That is true. It's all in the hands of the distributor. Actually, that's an interesting thought. Wouldn't it be great to create a system where software is accepted by a series of people, and provided mathematical proof that each of these people okayed the changes? That would be a safer way to distribute software. You never know what kind of stuff the distributor (or packager) might wish to slip in.
That is called Change Management and it is an integral part of any corporate software production process. The implementation
varies, of course, and that is what determines the quality of the finished product.
What if the md5sum of each file, after being compiled with that specific version of code, was listed, and after comparing the hashes, people report that the binaries are safe? (You'd have to compile it under the same conditions if you were to check the md5sums, of course.)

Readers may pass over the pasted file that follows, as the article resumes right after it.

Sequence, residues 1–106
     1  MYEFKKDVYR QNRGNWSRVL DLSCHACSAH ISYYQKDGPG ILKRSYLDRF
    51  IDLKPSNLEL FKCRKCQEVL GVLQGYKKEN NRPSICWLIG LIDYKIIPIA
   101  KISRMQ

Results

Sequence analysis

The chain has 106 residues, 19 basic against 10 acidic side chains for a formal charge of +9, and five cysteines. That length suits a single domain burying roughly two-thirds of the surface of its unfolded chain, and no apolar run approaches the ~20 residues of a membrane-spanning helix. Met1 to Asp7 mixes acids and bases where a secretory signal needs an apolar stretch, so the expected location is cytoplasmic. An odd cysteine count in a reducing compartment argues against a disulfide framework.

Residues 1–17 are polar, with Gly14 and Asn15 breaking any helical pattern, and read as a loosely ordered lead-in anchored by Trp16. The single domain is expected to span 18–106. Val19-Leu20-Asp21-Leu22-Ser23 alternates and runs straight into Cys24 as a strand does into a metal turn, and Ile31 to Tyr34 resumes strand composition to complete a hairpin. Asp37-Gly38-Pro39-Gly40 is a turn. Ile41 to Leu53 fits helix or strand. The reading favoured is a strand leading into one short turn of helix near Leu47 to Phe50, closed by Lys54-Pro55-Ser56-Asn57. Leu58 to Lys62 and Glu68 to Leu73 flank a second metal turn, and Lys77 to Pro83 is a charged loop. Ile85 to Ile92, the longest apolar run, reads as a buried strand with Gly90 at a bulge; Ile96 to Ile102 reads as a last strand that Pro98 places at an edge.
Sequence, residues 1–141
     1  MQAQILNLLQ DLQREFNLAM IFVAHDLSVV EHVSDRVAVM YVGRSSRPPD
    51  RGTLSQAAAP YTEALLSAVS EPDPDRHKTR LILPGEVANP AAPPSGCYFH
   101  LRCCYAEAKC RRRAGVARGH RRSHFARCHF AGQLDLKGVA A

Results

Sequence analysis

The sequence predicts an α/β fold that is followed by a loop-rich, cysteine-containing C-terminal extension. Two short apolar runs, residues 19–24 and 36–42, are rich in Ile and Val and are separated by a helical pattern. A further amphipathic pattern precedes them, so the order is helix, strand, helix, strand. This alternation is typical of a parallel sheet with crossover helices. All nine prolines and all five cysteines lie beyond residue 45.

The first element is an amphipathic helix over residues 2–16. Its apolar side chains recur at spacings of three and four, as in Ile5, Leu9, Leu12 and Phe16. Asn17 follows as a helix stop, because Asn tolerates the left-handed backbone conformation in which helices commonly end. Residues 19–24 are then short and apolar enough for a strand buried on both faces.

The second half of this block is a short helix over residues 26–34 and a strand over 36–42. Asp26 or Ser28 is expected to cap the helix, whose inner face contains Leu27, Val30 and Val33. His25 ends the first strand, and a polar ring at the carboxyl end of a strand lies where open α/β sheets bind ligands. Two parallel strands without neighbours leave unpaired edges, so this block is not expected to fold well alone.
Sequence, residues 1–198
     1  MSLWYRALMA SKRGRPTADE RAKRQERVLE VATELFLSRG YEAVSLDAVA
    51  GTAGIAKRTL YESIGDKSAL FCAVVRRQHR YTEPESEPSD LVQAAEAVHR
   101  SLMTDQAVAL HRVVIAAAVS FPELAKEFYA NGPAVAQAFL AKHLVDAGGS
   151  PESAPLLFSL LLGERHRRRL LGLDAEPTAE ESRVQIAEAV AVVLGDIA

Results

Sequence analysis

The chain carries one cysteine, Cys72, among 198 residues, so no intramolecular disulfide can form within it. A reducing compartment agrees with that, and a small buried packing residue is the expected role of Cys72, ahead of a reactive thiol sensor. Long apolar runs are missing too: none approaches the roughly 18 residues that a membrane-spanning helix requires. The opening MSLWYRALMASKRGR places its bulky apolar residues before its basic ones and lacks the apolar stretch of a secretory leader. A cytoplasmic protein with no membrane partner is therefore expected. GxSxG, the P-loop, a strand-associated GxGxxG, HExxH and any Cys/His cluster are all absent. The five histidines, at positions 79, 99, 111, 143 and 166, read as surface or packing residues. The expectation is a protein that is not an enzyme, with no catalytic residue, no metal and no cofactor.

The only thing that an md5 sum can tell you is that the contents of the file have changed. You're proposing a system that provides the same output (either 'changed' or 'not changed) if a comment in the code has changed or if a new function was added called 'stealCCandBankInfo'. This is very inefficient and wouldn't survive in an environment that produces more than 100 lines of code.
My point is that only free software can be observed for blatantly malicious code.
Google 'black box testing'. You don't have to know HOW something works to determine IF it works and WHAT it does.